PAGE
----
So Many Roads, the grand new album from bassist/composer Anne Mette Iversen's Double Life, to be released on Brooklyn Jazz Underground Records on April 22, is a very personal recording for Iversen. The artist explains, "Its conception and realisation has been a long journey. Along the road I had many ideas about how to present it to you: which story to tell you, which words to describe it with and which pictures to paint in your head. In the end, I rejected them all to let the music speak for itself, and, hopefully, to leave space for it to become your own personal journey."
The music on So Many Roads has the ability to conjure up and provoke emotions, feelings and vivid images. In a word, it is picturesque. Good art transforms within the listener, viewer or reader, to become a deeply personal experience and bring them on a journey as well. "It is my hope that the art, the music, on this album is strong enough to give the listener an experience that sends them on their own personal journey; and therefore, in this context, my personal journey is irrelevant," commented Iversen.
So Many Roads was composed specifically for Iversen's group Double Life, which consists of her long running quartet, the Anne Mette Iversen Quartet, featuring John Ellis (soprano & tenor saxophone), Danny Grissett (piano), Otis Brown III (drums & cymbals) and special guest, the outstanding Swedish trombonist Peter Dahlgren, of the Norrbotten Big Band (who also appeared on the bassist's very first recording, On the Other Side, ten years ago); plus, the string quartet, 4Corners, featuring members of the Danish Radio Symphony Orchestra, who also appeared on Iversen's 2008 recording, Best of the West.
Iversen's band members always claim that the critically acclaimed bassist/composer has a quick turnaround time with her new recordings. This may seem to be the case due to her unblinking dedication to her craft, her professionalism and her admirable skill at seeing a highly creative project through to accouchement. However, So Many Roads has in fact been nearly five years in the making. "I remember clearly when I first sat down and wrote the first notes in our apartment in Red Hook, Brooklyn. It was the section that gave the thematic material which became the theme that connects the piece, and characterizes the entire musical journey," explained Iversen.
So Many Roads, "started out with the idea of being a journey through a mythological world, an imaginary description of travel and related experiences, but it ended up being so closely connected to my own personal life and actually describing a very special period and special experience of my life instead," said Iversen. One could say that a journey, as a theme, has been a part of Iversen's music all along, but So Many Roads became both a premonition and a resolution to 57 months of her own life instead of some fantasy world. "During the protracted period of creating this album, the subject matter quickly changed from the imaginary to reality!," said Iversen.
The music on So Many Roads is quite unique in that it utilizes a one-movement compositional form, and boasts an exquisite balance of integration and interaction between the string group and the jazz group. Take note of the musicians' excellent blend, and exchange of ideas and emotions.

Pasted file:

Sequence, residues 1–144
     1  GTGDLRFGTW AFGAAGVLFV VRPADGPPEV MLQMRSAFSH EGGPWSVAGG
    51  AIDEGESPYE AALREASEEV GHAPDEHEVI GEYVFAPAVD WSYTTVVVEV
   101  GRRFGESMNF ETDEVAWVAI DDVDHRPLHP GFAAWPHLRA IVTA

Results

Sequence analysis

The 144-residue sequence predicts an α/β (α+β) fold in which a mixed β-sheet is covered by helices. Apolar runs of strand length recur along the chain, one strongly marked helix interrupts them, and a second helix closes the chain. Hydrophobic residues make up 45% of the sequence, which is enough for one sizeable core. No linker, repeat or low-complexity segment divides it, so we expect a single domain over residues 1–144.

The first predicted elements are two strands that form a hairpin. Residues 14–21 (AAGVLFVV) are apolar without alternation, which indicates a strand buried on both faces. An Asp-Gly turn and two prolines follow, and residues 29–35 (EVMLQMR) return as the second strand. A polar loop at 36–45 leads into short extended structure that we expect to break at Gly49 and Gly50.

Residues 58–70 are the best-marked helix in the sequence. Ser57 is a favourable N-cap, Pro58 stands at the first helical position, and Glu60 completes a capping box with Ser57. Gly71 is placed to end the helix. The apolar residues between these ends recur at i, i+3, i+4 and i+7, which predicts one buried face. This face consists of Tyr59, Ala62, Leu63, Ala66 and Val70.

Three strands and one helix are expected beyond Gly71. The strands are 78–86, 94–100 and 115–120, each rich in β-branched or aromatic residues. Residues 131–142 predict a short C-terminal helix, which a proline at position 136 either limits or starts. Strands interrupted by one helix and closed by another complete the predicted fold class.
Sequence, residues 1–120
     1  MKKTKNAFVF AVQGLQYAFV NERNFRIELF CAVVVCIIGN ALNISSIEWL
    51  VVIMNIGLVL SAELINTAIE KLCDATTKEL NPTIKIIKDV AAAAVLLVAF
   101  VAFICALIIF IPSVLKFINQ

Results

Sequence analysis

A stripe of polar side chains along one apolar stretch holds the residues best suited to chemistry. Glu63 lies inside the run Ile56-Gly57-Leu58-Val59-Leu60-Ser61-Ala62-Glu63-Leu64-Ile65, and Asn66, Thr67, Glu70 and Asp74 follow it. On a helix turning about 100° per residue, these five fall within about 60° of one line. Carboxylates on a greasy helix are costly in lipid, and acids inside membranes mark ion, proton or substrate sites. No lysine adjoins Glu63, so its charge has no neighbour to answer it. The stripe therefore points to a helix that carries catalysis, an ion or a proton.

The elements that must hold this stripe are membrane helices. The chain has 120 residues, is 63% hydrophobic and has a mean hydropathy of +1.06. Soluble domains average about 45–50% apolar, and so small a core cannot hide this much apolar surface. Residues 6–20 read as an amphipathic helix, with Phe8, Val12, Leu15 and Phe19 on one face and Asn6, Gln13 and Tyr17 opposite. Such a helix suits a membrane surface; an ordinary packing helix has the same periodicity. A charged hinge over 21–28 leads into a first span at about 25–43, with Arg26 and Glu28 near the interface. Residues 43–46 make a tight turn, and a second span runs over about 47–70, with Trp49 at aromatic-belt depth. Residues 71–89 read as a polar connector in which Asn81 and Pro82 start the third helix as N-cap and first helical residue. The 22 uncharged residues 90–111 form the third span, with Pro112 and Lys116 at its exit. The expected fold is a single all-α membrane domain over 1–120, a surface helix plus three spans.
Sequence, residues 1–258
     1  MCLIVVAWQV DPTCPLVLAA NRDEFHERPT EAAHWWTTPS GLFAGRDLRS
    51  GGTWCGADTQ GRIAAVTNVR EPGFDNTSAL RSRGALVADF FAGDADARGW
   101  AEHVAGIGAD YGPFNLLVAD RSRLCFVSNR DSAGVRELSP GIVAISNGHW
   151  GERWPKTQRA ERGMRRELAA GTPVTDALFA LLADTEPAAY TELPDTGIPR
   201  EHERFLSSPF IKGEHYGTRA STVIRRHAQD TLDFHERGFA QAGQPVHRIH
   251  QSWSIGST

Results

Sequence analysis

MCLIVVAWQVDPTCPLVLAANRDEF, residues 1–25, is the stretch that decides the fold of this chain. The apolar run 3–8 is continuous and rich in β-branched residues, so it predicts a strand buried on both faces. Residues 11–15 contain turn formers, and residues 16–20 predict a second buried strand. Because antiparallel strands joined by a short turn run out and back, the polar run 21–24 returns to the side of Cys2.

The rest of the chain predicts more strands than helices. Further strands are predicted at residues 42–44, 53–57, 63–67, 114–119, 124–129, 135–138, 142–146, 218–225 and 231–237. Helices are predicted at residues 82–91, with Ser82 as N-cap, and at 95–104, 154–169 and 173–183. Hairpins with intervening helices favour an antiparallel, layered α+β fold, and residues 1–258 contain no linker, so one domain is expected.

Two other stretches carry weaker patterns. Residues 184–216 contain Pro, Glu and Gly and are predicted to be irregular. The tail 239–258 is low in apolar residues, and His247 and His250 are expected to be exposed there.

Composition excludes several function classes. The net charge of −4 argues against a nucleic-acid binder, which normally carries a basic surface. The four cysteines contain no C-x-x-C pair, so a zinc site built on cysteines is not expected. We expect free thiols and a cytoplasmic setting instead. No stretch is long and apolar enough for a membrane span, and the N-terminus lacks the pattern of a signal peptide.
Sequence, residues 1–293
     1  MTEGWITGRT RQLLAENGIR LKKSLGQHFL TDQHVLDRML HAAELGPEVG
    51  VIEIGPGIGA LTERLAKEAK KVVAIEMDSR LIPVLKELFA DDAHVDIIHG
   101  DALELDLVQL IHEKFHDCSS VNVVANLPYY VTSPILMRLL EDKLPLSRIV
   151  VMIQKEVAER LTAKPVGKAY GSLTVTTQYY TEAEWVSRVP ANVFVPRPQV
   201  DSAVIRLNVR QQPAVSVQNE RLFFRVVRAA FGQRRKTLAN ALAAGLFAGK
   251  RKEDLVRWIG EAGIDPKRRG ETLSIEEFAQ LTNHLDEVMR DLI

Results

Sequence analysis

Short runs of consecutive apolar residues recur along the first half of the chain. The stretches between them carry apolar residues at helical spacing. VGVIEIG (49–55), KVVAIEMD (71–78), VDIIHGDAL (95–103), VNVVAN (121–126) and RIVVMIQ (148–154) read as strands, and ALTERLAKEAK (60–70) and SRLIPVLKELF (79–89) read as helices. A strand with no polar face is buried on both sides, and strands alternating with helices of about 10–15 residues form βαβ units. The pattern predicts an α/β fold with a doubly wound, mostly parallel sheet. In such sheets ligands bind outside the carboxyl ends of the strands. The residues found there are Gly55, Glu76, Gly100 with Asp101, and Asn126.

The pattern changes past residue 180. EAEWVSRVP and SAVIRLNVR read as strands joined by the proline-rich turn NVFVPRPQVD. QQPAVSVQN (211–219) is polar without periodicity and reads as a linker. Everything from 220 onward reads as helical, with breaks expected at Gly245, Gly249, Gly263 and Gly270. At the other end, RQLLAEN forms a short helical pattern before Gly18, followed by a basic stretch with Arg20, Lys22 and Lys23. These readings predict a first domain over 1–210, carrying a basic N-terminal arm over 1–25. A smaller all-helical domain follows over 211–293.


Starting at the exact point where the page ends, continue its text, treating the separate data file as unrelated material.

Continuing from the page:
The album opens with a solo bass statement (a way of leading the listener into the composer's universe), before the presentation of the main theme, which comes fully orchestrated and lush, and sets up the framework for the piece. Out of the main theme grows new themes and songs with their own identities, orchestrated in various ways by selected combinations of the musicians from the jazz quintet and the string quartet. One example is the lovely ballad, indicated on the physical disc by Chapter Three, which is played by trombone, string quartet and drums.The music is also characterized by the many transitional sections/elements that serve to connect the piece, but also reveal their own identity. The evolution of the music throughout the album takes you through states of uncertainty, peace, fun, beauty, stress, running the emotional gamut, similar to what one experiences in life.
On So Many Roads, Iversen sought to strike a fine balance between improvisation and composition, and between the jazz quintet and the string quartet. The jazz quintet leads by their expertise with improvising, but are also given important written ensemble parts, which they perform equally well. Conversly, the classical string players contribute to the jazz sections with a deep understanding of phrasing and rhythm. A wonderful example is the strings' interaction with Otis Brown III during his solo towards the end of the piece. The carpet they provide for him is full of playfulness and humor, and reflects a strong sense of mutual respect and enjoyment inherent in these musicians' collaboration, which is apparent on and off the stage/studio
Iversen knows very well that these days details about an artist's life can be just as important to public perception and acceptance as the art itself, especially in pop-culture. Fortunately within the jazz genre the fan is still a genuine lover of the music, so the attachment and devotion is very much about the music and the experience. Iversen elaborates, "getting deep into something, in general, is rewarding. But although there is plenty of expertise found in our societies today, I wonder how much in-depth study is being spent on art and music. Understanding an art requires commitment and time, something not always easily found in our lives, but the reward for taking this time is high, and I strongly recommend it. Therefore, I only hope that you will give it 36:31 focused minutes of your time, to go on a journey with us, and hopefully find it an emotional enriching experience."